Configure SMTP-Auth in Gmail

If you connect your Gmail address to a desktop client, you can also enable SMTP authentication:

 

  1. Log in to your Gmail account.
  2. Tap “Settings” and select “Show all settings”.
  3. Switch to the “Redirection & POP/IMAP” tab.
  4. Now you can click on the “More information” link under “POP Download” or “IMAP Access”.
  5. You will finally be redirected to the configuration instructions, where you will find, among other things, all the information about the outgoing mail server (SMTP) as SMTP authentication.

 

How to test SMTP-Auth?

You can use the Telnet client to check whether a mail server is used as an open relay or whether SMTP-Auth is working correctly (for example, if you configure your mail server). Some spammers also use this solution to locate empty email relays manually. SMTP and ESMTP are purely text-based protocols, so you can also start and run a client-server session manually.

You can also perform the SMTP authentication test using external web tools such as SMTP Diagnostic from MxToolbox:

 

  1. Open SMTP Diagnostic.
  2. Enter the address of the SMTP server or any email address using the SMTP server in the input field.
  3. Tap “Test Email Server”.
  4. After a few moments, you obtain a list with the most essential information, in particular concerning SMTP authentication: the “SMTP Open Relay” line tells you whether authentication is activated or not.

 

FAQs

Q: What is SMTP authentication, and why is it important?

A: SMTP authentication, or SMTP-Auth, is an extension of the Extended SMTP (ESMTP) protocol, enabling an SMTP client to connect to a server using authentication mechanisms. It is crucial to prevent SMTP servers from being used as "Open Mail Relays," which could lead to the distribution of spam. By authenticating users, only trusted individuals can send emails, enhancing overall email server security.

Q: How does SMTP-Auth work, and what are the key features?

A: SMTP-Auth operates via TCP port 587, an alternative to the traditional port 25 used by ESMTP. It offers various authentication mechanisms such as PLAIN, LOGIN, CRAM-MD5, GSSAPI, and others. These mechanisms ensure the verification of the trustworthiness of an SMTP client by requiring authentication credentials, enhancing the security of email transmission.

Q: What are the common authentication mechanisms used in SMTP-Auth?

A: Common authentication mechanisms in SMTP-Auth include PLAIN, LOGIN, CRAM-MD5, GSSAPI, DIGEST-MD5, MD5, OAUTH10A, OAUTHEBEARER, SCRAM-SHA-1, and NTLM. Each mechanism provides different levels of security, allowing SMTP servers to choose the most suitable option based on their configuration and security requirements.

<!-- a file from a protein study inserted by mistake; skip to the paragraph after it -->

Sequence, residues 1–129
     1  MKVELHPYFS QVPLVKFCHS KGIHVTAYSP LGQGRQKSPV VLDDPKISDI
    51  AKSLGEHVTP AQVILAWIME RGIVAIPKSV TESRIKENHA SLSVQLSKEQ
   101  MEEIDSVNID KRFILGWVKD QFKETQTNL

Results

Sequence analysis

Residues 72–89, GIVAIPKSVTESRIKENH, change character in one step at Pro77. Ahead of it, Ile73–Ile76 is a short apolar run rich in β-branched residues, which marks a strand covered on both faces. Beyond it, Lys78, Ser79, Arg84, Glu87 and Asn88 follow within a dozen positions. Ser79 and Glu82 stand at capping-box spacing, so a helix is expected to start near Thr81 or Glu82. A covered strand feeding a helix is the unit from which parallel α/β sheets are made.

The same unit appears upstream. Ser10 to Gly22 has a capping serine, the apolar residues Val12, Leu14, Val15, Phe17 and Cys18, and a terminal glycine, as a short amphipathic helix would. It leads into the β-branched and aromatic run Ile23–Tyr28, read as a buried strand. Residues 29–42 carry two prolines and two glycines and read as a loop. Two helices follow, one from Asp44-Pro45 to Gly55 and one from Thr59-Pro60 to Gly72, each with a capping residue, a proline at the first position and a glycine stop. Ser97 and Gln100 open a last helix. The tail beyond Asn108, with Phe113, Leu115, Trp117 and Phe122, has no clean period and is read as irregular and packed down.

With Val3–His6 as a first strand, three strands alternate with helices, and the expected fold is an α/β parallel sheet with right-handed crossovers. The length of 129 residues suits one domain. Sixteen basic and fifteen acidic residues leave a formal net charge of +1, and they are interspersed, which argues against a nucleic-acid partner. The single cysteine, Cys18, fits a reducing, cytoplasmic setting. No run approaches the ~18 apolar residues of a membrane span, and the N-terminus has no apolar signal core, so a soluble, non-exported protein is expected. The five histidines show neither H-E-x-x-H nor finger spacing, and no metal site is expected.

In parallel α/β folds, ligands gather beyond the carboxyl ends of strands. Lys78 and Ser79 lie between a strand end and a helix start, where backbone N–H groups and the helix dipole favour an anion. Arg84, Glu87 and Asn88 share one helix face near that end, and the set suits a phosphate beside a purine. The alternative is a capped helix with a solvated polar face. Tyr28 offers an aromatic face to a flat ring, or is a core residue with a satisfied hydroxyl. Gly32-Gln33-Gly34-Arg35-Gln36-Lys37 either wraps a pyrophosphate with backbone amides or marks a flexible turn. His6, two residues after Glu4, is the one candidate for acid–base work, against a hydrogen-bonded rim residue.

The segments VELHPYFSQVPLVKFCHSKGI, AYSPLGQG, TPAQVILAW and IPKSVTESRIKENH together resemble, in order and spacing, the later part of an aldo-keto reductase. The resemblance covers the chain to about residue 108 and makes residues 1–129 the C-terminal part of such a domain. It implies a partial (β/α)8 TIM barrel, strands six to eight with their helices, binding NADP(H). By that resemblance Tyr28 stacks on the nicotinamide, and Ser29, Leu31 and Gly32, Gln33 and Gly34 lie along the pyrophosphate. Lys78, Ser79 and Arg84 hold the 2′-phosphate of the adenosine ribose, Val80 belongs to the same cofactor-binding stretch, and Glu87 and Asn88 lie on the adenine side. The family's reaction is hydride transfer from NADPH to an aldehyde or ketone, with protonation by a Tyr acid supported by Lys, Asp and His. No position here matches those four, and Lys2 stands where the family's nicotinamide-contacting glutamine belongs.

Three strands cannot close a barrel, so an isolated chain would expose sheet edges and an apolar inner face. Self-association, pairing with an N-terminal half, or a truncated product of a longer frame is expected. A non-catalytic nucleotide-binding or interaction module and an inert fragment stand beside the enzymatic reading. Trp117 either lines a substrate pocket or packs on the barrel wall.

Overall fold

Q: How can I configure SMTP authentication in Outlook?

A: To configure SMTP authentication in Outlook, follow these steps:

 

  1. Click "Account Settings" in the "File" menu.
  2. Select your account and click "Edit."
  3. Navigate to the Outgoing Mail Server tab and choose "Outgoing Mail Server (SMTP) Requires Authentication."
  4. Check the "Use the same settings as for incoming mail server" box.
  5. Confirm with "OK" and proceed with the account setup.

 

Q: Can I test SMTP-Auth to ensure it is working correctly?

A: Yes, you can use the Telnet client to manually check SMTP-Auth or use external web tools like SMTP Diagnostic from MxToolbox. For Telnet, initiate a client-server session manually to verify proper functioning. With SMTP Diagnostic, enter the SMTP server address or any email address using the SMTP server, tap "Test Email Server," and review the results, including the "SMTP Open Relay" line indicating whether authentication is activated.

Q: Why should I enable SMTP authentication for my email server?

A: Enabling SMTP authentication is crucial for preventing unauthorized use of your server as an open relay, reducing the risk of spam distribution. It helps maintain the reputation of your email server, prevents blocklisting, and enhances overall email security. SMTP authentication ensures that only trusted users with valid credentials can send emails through your server, mitigating potential security threats.